As you can see, the Arrowhead region of the state has lots of lakes, but the most water is found following a rough line from Mille Lacs up to the Lake of the Woods, as well as an arc running from Hennepin County up to Becker County. The Red River Valley and the southern portion of the state have very few lakes.
Here’s the rivers. Though northeast Minnesota is also dense here, the rest of the state follows different density patterns:
The most striking facet to me is the difference between the south and north banks of the Minnesota River. To the south, there’s plenty of natural streams and rivers, while to the north, there are relatively few. The southeastern corner of the state is also a lush riparian region. The northwest part of the state doesn’t have much, but remember that part of that (the part with a lot of really short rivers) has a ton of lakes, which explains part of the “blank” area on the map.
Here’s another way to look at the concentration of rivers and lakes: heatmaps.
Look back up at any of the maps of Minnesota’s waters. Can you follow the Laurentian continental divide as it winds through northern Minnesota? Rivers north of that line flow north to Hudson Bay; rivers south of it flow either south to the Gulf of Mexico through the Mississippi-Missouri system, or east to the Atlantic Ocean through the Great Lakes.
Probably not. Part of it seems apparent — the mountains of the Iron Range, where river on one side flows toward Lake Superior and on the other side does not. But that’s misleading — part of the area west of those mountains is still in the Lake Superior watershed. Similarly, it’s hard to tell in the western and central part of the state where the divide runs just by looking at the water.
This is where the waters split in the Land of 10,000 Lakes:
After the jump, I discuss a little bit about the mistake I made when I first published this post last week. You can probably ignore it if you don’t care deeply about map-making; I’m posting it primarily in the interests of transparency.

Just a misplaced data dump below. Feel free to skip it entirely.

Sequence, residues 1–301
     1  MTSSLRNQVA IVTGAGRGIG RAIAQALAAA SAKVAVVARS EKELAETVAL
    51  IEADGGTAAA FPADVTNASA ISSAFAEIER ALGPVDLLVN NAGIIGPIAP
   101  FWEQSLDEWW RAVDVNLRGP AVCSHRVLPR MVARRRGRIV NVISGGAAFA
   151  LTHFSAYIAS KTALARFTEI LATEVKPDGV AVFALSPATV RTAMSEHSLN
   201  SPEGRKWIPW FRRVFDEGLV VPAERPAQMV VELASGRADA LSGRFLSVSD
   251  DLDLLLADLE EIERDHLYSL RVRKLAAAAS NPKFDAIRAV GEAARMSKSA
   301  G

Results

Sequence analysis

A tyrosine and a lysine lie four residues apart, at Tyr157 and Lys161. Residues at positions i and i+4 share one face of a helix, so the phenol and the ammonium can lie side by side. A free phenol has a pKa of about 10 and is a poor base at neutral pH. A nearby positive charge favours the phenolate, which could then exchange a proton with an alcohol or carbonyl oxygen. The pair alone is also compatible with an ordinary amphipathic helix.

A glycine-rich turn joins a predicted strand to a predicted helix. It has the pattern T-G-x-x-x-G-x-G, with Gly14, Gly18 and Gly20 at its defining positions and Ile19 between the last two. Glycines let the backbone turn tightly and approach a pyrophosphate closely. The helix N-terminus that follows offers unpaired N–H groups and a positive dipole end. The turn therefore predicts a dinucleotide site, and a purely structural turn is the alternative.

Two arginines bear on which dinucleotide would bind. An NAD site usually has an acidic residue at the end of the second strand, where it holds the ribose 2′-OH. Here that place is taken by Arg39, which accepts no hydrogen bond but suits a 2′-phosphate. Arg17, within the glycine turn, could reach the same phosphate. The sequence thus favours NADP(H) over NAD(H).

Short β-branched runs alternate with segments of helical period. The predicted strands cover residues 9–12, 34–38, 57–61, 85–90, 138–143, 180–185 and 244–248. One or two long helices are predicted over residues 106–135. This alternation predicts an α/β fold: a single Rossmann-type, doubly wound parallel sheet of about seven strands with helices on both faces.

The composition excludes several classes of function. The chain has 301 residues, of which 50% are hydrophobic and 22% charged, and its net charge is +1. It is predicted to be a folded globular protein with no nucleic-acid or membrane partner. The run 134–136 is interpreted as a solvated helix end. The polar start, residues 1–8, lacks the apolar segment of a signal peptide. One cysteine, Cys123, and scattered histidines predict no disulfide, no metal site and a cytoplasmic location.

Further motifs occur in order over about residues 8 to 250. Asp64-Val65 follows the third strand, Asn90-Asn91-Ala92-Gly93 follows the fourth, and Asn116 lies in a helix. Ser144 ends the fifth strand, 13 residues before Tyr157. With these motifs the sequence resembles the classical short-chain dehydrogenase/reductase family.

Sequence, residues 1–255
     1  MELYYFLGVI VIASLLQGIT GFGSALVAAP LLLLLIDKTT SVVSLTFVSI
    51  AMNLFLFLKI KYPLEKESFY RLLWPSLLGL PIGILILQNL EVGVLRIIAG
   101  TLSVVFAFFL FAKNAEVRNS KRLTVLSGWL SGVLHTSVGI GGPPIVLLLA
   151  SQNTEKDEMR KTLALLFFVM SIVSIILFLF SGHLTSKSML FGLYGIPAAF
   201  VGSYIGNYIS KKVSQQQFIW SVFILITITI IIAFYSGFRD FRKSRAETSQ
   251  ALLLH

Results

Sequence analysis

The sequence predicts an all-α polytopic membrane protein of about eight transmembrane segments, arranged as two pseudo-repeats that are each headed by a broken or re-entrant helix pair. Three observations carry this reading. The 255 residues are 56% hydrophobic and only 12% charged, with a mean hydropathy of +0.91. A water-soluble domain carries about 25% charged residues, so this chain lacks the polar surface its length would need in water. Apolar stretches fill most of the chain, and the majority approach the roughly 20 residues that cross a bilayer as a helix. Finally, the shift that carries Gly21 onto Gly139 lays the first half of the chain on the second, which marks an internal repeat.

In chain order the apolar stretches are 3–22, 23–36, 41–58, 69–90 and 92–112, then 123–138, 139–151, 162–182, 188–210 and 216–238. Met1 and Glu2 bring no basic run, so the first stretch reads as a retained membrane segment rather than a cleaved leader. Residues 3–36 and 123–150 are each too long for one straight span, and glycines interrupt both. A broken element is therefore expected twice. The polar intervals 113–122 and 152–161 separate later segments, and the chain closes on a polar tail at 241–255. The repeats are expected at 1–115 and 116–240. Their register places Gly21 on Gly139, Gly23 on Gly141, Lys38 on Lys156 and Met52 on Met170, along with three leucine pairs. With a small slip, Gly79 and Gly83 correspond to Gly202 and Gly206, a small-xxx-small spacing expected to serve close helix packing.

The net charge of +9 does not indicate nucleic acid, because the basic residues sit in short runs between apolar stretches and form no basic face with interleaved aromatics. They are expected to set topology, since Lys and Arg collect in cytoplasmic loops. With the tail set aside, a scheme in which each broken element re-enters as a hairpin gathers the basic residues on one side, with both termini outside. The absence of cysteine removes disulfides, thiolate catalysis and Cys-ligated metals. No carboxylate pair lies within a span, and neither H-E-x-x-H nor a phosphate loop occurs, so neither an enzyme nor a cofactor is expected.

This post was originally published on June 9, but within an hour after clicking “post,” I began to have concerns. A quip on Twitter about whether there were 10,000 lakes on the map led me to check — and to my horror there were only about 4,000. Though my map showed more than 20,000 miles of river and thousands of lakes, it was clearly not “every lake & river in Minnesota” as I had branded it.
I found a new, more extensive dataset and confirmed that there were a lot more rivers and lakes that I hadn’t mapped the first time. That fuller dataset is what produced the maps you now find above.
The dataset that had made the maps below was actually just a map of bodies of water being monitored for pollution by the Minnesota Department of Natural Resources. Streams and ponds not being monitored weren’t included. It’s still a very useful map and a good display of the state’s major rivers and lakes, but not for the purposes I was using it for.
On the left here is what I originally posted as “every lake and river”; on the right is the version I posted above:
By far the biggest difference is the Arrowhead region of northeast Minnesota, which has gone from mostly empty to a thick network of streams.
As you’ll notice along the Minnesota River, there are actually some rivers that are on the older, sparser map but not on the new one. Most of those are actually ditches, canals and intermittent streams — they show up on the map above with every single body of water but got filtered out of my map with only the permanent bodies of water.
More than just an aesthetic difference, though, this made a difference in the analysis — particularly in the distribution of rivers around the state. Here’s a before and after:
And, if you’re curious, here’s the lake comparison: